No matter how much money the repairs seem, you need to refocus your attention on this point. Repairs are a temporary situation, while recurring car payments are not. A newer late model or brand new car will cost you between $300 to $500 per month for 60 months depending upon your financing, money down and purchase price of the car. So, it's always less expensive to fix your car. Remember, the average cost of repairs every year is about $1,000, but, car payments at $4,800 annually continue until the car is paid off. Notice I said repairs, not regular maintenance, which all cars require. So, don't count oil changes, tires, etc. You won't likely have $5,000 in actual repairs every year. Just won't happen.
Any advice ? I have a perfect "looking" 1997 Chevy Lumina that my grandmother left me. It only has 10,000 original miles on it. It looks great, inside and out. However, it feels like a hard ride (going over bumps, lines, manhole covers etc, feels like you're slamming a bit over them, even driving pretty slowly. (my 2000 buick lesabre feels like a more comfortable, cushioned ride) two questions - 1) any way to make it a more cushioned feeling ride like the lesabre ? 2) I saw underneath the car and there is some rust on metal things under there, and some rubbery looking thin donut shaped things (ha) between metal bars that go towards the wheels look like they might be getting dry rot, and I'm assuming these are five dollar parts with 100 + labor for each of the four of them to replace ? (don't you love the descriptions) They are like a cushion to reduce metal to metal friction I believe, don't remember what they are called. : ) These luminas last for 300,000 miles, but as you can tell, I'm not a mechanic and tend to get very ripped off by not knowing what I'm doing and they see me coming... besides prices just being high for labor, I have also been lied to and cheated several times, so not sure if I should keep the lumina (how much money am I in for in repairs of things that will be showing up as dry rot due to age, and minimal use of the car etc. It was in the garage until this year. i agree with the above about new priced cars - but not sure if I should get rid of a 1997 and get maybe a 2005 Taurus or 2005 lesabre or something instead, before age related problems starts ???
it sounds like your shocks are gone, take it to one of those Monroe Muffler places and have then do a FREE inspection they will write down what is wrong with it and if you don't have the money. take it to your local garage and see how much they would charge . I used to do this a lot I would find out what my car needed and then buy the parts and fix it myself YOU ARE NO Obligation to have them do the work . They may tell you it is dangerous to drive do not listen to them IF you are not sure if you want them to do it Thank them and tell them you may be back , this may be a very stressful situation so take a step back and really think about it . I hope this helps and good luck , let me know how it goes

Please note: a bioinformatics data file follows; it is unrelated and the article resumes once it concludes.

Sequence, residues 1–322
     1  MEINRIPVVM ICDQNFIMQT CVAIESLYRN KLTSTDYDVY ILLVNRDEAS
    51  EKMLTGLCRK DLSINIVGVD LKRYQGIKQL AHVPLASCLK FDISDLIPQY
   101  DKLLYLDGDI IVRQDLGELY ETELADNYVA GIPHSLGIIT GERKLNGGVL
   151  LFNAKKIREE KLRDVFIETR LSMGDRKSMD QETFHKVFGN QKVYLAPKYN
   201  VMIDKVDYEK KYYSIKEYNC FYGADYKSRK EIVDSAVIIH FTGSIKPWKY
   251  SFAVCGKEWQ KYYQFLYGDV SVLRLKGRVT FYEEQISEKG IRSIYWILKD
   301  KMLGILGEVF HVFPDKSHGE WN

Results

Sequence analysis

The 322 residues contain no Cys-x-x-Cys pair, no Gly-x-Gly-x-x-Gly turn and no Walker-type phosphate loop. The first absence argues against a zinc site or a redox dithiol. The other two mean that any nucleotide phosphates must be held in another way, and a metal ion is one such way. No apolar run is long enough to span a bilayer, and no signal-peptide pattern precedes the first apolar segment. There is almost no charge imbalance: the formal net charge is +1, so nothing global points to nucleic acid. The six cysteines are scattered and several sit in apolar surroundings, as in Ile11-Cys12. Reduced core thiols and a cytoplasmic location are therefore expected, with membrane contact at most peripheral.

it also sounds like the sway bar bushing are shot but they can tell you if you bring it to the above mention place or one like it
Susan, you mentioned rust??? I imagine you live in the Northeast or some other climate that has snow or you live at the beach? Once rust starts it's like can cancer. You have to find a way to contain it, or it will ruin your car, maybe its already too late? If you don't, you will never make to 200,000 miles let alone 300,000 because the body will deteriorate before the engine and transmission does. Yes , I agree with Kinker, it may be shocks, but, you have to ask, what causes a car with only 10,000 mIles on the clock to ride this hard. OK, I think may have an answer for you. Has this car been sitting for a really long time? If so, your tires may be the real problem here instead of the shocks. Tires over time can get really brittle and hard which would account for this. And, the shocks are gas cylinders, maybe they are bad. I would check both. Hey, whatever you spend, it's less than the taxes you'd pay on a new car. One thing though, it is dangerous to drive a car with bad shocks; driving in that condition will negatively affect your handling and destroy any good tires on your car. Even if your tires were new, bad shocks would ruin your tires. Why would you want to do either one of those things? Also, I would definitely recommend switching to synthetic oil. DO NOT PURCHASE A TAURUS, RELIABILITY PROBLEM CAR.
Susan, see this link for Kelley Blue Book.http://www.kbb.com/chevrolet/lumina/1997-chevrolet- lumina/sedan-4d/?condition=excellent&vehicleid=7386&intent=buy- used&mileage=10000&pricetype=private- party&persistedcondition=excellent
Susan, since this was your Grandmas car, I'm going to presume that she didn't opt for the largest engine and even with the V6, 3.1 motor, this car only got about 18 mpg in the city. And, if you peruse the information I posted, you'll see that even the the car has only 10,000 mIles, the added value in real dollars gives this car a value between $2,000 and $3,000. So if can sell it and get top dollar, it might be more advantageous to invest this into a newer car like a Prius that gets 45 to 50 miles per gallon.